Monday, 30 June 2014

Multilingual Marketing: Challenges with Translation in Digital & SEO

by Owain Lloyd-Williams

At Traffic Optimiser, we pride ourselves on our multilingual, multicultural digital marketing strategies that enable us to offer that little bit more to clients wishing to engage in activity across different markets.

With our team of digital marketing specialists being largely made up of bi or trilingual analysts, our daily operations see a rich pallet of content marketing, outreach and SEO activity being undertaken on a truly global scale.

Making sure everything from the creation of multilingual articles to worldwide social media campaigns run smoothly here at TO is Andrea Barp, our Translations Director who has a wealth of experience in the front line of translation management. Here, Andrea gives a few useful insights on the translation industry and the nature of our multilingual work.

How long have you been in the translation game? What brought you into the industry?

AB: I've been in this industry for 18 years now and counting. I started off as a translator from Danish and English into Italian shortly after graduating from university with a degree in foreign languages. My first project was a tumble drier manual in Danish sent to me by fax. The good old days. I then sent round my CV, and, thanks to my rare language combination of Danish-Italian, I was able to get into the business.

With so many resources out there these days, it’s very important to find solid, reliable translators. What’s your process for resourcing these?

AB: As with any other business, it's important to establish good partnerships with reliable suppliers that you can trust as if they were part of your own internal team. Even if at the end of the day it's always a client-supplier relationship, it's important to create a team bond to run projects successfully. I always look for resources that are easy to work with, energetic, curious and open to new challenges. Run of the mill suppliers not keen on pushing the envelope of their comfort zone are generally not a good match in today's industry, even when they have many years of experience. To find the right suppliers, I generally start from my network which, after all these years, is quite substantial, and then I extend the search beyond when needed, always looking for those important characteristics mentioned above. 

Let’s move on to translation at Traffic Optimiser. Right now, how many languages do we cover in-house?

AB: I think we cover about 10 languages internally with mother tongue resources. There are more if we include the second and third language proficiency of some of the team members. With our suppliers' network we cover about 50 languages at the moment, but essentially we can resource any world language.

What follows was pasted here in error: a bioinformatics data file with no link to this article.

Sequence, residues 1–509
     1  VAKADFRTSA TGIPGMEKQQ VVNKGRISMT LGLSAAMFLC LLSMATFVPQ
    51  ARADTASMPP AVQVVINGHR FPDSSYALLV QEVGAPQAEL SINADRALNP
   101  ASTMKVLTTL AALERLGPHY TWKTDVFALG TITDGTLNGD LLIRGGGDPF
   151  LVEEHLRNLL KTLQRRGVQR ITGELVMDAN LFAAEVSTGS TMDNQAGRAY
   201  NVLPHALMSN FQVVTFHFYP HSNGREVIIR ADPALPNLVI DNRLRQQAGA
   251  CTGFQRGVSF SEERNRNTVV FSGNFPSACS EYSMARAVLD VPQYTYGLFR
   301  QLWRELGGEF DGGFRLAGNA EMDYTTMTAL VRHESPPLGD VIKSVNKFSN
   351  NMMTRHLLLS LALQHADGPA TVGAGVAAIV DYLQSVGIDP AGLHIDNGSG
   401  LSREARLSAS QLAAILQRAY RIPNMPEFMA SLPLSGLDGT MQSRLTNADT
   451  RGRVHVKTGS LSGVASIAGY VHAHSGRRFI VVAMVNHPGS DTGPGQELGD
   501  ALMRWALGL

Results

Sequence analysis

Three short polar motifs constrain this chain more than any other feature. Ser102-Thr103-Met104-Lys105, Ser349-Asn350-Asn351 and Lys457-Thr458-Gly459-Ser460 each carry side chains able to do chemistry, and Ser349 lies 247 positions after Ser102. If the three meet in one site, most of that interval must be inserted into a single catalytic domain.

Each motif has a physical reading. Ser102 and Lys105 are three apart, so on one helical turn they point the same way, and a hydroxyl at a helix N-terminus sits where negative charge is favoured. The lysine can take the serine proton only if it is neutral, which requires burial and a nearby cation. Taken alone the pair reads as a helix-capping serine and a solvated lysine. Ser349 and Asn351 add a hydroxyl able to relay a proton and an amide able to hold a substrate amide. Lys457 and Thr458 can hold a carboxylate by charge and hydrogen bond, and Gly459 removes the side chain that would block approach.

What are the some of the major challenges you face when approaching SEO from a translation perspective?

AB: SEO is more than simple translation, and straight keyword translation simply does not cut the mustard. The way people search in London, Buenos Aires or Beijing is very different and this is the essence of multilingual SEO. I like to summarize the typical keyword translation workflow in the following way:

1) Translate Keywords
2) Obtain search volumes 
3) Test both accented and unaccented characters if applicable
4) Adjust the translated keywords accordingly based on search volumes 
5) Obtain search volumes again 
6) Sign off keywords and weave into website content and metadata, avoiding to overstuff the text with too many keywords 

What languages do you see as big ones for the future?

AB: Emerging markets, such as the BRICS countries, but also LATAM Spanish, Arabic, and Indonesian. However, we must always keep an eye on how the world political space develops over the coming months and years, as this may have an impact on how quickly certain economies develop.

You can find more information on the variety of multilingual services we offer here, and if you have anything to share about translation (or have some interesting translation anecdotes, for example) please feel to join in the discussion in the comments section below!

Image credit: Kenneth Lu


  1. I'm wondering also if there is an emerging need for various African languages given recent expanses of industry into the region.

  2. I guess within the next couple of years there is just no big demand for African languages as the Asian market will be too dominant (especially within the online marketing sphere). Anyway, interesting topic! Well done Owain. I'll add you on G+ to stay in contact with you!

    1. That's great - thanks for the feedback the G+ following! Will let you know when the latest blog post is up and I hope you enjoy it. I myself am partial to the notion of Asian languages becoming a major force in the future - particularly of course Mandarin but also the likes of Thai, Vietnamese and Indonesian. Will hopefully give us all an excuse to head out there!

  3. Danish and Italian - what an interesting mixture! I thought I was unique with my knowledge of English and Czech but that's certainly a niche.

  4. Cheers. In today's global market I think it's crucial to stand out in some way. Kudos to you as well with English and Czech. Sometimes, I wish I had a basic understanding of at least one of the Slavic languages.